Apparently, you don’t need to be a sexy Silicon Valley unicorn with backing from numerous A-list venture capital firms to be a success on Wall Street.
In fact, it might help if you aren’t a typical start-up.
Atlassian, a cloud software company that was founded in Sydney, Australia, surged 30% in its market debut Thursday.
Demand for the offering was strong. Atlassian priced its IPO at $21 — above its initial range. The company had already boosted its price range earlier this week. The company raised $462 million in the stock sale.
The stock was trading around $27.15 midday Thursday. At that price, Atlassian has a market value of $5.7 billion.
That’s a solid jump from the $3.3 billion valuation Atlassian fetched in April 2014 when it sold shares to mutual fund firm T. Rowe Price(TROW).
Atlasssian also did a round of financing with VC firm Accel in 2010. But those are the only two times it raised money from outside investors.
This makes Atlassian a very unusual unicorn — the term used for private companies worth at least $1 billion.
Square(SQ), the mobile payments startup founded by Twitter(TWTR, Tech30) CEO Jack Dorsey that went public last month, sold shares at a steep discount to what it was valued at the last time it raised money from VC backers.
That IPO, combined with a tepid debut from fellow unicorn Pure Storage(PSTG), had many experts predicting that buzzy startups would be in trouble if they tried to go public next year.
So why has Atlassian — the IPO from the Land Down Under — bucked the trend? (I wonder if there were Vegemite sandwiches during the roadshow?)
First, let’s look at what the company does. In a nutshell, it helps Men (and Women) At Work. (Sorry! I really love that song.)
Atlassian has several popular products geared toward businesses — such as JIRA, HipChat and Confluence — that helps teams collaborate. It even chose the ticker symbol TEAM for its stock.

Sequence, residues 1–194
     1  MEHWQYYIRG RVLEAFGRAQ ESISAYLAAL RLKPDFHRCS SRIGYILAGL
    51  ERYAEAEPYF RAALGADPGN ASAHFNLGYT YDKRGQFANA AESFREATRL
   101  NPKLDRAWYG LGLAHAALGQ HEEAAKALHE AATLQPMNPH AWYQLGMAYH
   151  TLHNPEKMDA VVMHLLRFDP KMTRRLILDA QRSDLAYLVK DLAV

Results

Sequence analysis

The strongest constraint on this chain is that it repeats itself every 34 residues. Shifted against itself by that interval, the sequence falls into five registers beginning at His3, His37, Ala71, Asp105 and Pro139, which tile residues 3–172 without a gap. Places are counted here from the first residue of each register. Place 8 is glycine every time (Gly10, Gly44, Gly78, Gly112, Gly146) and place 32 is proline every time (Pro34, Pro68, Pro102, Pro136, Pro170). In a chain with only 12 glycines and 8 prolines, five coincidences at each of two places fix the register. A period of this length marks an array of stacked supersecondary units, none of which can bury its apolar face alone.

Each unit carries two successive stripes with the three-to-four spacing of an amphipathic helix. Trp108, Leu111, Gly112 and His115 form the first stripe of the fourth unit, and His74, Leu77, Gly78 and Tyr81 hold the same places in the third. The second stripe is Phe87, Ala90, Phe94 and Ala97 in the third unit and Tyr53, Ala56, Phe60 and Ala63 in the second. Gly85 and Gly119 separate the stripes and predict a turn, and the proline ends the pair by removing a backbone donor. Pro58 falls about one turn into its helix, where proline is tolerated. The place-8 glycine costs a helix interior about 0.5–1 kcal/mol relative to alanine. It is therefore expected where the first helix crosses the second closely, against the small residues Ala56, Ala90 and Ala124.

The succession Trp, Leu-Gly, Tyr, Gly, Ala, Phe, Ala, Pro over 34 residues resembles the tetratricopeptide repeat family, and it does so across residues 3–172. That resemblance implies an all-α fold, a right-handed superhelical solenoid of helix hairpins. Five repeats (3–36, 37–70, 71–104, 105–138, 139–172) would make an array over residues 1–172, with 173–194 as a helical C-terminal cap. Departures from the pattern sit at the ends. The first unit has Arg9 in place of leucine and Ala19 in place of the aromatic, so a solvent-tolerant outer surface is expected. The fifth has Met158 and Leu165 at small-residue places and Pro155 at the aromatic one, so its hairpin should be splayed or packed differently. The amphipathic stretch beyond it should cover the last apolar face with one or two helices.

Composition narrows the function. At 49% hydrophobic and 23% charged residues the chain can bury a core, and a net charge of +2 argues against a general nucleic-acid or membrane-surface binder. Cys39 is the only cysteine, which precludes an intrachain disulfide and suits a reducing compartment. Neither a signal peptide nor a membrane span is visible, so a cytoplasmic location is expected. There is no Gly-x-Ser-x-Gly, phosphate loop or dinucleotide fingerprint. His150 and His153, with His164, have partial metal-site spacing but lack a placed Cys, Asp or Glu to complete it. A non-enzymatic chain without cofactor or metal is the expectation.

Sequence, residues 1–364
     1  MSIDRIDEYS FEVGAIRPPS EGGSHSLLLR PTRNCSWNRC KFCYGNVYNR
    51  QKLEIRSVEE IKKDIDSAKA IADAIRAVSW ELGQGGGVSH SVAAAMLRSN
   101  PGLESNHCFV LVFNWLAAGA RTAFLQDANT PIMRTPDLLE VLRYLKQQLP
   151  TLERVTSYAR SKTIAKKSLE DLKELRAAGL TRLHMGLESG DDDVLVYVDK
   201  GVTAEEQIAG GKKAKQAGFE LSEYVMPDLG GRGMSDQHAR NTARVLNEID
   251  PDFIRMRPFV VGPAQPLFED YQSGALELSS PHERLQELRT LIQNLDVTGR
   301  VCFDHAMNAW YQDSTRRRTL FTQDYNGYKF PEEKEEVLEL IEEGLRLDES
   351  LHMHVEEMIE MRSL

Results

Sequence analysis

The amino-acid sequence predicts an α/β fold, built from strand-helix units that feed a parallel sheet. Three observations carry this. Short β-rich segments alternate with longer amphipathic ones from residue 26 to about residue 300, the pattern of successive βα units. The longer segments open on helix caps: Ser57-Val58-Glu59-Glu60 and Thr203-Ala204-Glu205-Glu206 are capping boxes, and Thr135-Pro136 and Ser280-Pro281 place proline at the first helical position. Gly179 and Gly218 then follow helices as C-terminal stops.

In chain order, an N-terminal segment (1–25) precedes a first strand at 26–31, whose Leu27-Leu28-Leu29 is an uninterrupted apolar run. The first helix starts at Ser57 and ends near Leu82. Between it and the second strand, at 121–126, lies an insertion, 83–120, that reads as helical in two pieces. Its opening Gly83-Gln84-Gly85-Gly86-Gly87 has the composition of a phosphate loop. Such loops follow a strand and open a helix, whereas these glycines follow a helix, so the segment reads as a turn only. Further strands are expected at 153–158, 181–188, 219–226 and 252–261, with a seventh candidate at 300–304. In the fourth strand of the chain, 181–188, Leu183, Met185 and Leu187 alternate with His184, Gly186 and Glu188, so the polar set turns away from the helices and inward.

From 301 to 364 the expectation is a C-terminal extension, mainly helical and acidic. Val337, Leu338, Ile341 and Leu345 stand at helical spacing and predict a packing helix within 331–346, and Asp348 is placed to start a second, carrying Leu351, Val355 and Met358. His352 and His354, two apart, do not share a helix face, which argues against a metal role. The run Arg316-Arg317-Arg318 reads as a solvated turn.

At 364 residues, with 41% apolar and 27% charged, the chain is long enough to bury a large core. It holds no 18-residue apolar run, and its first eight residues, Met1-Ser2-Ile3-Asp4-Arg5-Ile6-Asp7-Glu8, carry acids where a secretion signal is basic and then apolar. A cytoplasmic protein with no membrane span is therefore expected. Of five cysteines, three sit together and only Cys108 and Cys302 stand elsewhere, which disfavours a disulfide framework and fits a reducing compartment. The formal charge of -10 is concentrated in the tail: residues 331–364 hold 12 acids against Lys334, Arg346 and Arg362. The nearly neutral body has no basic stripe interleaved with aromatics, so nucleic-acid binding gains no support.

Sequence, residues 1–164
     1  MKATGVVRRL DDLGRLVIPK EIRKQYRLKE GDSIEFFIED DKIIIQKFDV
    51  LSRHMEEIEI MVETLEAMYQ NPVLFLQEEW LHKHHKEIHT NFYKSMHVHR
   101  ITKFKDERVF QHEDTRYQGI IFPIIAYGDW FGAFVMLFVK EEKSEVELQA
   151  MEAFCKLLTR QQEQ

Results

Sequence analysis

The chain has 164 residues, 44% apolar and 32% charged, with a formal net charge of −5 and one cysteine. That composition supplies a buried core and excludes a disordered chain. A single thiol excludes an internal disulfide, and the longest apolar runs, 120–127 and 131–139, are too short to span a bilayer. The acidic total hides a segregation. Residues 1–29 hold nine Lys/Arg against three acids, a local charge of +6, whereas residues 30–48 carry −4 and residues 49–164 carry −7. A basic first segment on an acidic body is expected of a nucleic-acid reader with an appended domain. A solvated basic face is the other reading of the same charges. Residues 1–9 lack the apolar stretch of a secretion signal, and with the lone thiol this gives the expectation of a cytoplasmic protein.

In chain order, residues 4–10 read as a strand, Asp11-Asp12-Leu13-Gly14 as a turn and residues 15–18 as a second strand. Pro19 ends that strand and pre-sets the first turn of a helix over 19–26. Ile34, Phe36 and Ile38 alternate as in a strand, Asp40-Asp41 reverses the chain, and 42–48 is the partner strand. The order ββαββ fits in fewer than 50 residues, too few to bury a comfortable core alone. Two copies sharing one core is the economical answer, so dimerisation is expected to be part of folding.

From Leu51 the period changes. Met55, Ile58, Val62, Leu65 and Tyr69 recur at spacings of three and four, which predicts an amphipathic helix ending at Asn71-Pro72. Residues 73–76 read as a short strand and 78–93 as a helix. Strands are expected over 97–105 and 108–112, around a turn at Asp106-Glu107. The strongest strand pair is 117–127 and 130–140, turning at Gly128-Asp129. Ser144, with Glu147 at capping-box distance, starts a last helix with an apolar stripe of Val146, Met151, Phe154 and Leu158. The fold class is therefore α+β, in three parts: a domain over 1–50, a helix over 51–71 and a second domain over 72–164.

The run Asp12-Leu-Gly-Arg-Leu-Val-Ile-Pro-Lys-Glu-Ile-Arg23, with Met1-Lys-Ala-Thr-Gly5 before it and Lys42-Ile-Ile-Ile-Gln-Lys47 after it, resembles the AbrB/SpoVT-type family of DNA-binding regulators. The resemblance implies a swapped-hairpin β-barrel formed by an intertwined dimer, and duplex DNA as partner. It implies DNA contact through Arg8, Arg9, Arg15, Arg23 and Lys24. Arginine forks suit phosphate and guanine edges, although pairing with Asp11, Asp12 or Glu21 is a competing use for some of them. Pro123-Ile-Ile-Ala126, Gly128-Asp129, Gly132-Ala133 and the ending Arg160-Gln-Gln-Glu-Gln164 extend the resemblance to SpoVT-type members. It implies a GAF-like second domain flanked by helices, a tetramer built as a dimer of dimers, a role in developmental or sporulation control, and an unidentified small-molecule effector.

“It was a miracle that ticker was still available,” joked Jay Simons, president of Atlassian, adding that MATE, an anagram of TEAM, would have also been fitting given Atlassian’s Australian roots.
The company also has no salespeople. Instead, it uses viral word-of-mouth marketing to pitch its products. And that approach is working. Sales were up nearly 50% in its most recent quarter.
And Atlassian, which has been around since 2002, has been profitable for the past 10 years.
Good luck finding a Silicon Valley startup with that type of track record. Many unicorns seem to pride themselves on how quickly they can burn cash.
“The response you’re seeing today in the public markets is due to the uniqueness of our business,” said Simons.
Atlassian also spends heavily on research and development (44% of total sales last year!) to ensure that it remains relevant with its customers.
“We’re always inventing and always refining,” Simons said. “We’re looking for different things to add on to the core product platforms.”
Now comes the hard part — proving to Wall Street quarter after quarter that it can retain its momentum.
Atlassian faces formidable competition. Tech giants Microsoft(MSFT, Tech30), IBM(IBM, Tech30) and Google(GOOG) offer some similar products. Then there’s cloud leaders such as Salesforce(CRM, Tech30), Zendesk (ZEN)and ServiceNow(NOW) as well as other unicorns like GitHub and Slack.
Nonetheless, Atlassian has shown that even in a tough market for IPOs like this one, investors will be interested in quality companies with a real business plan and proven success instead of just hype and flashy private market valuations.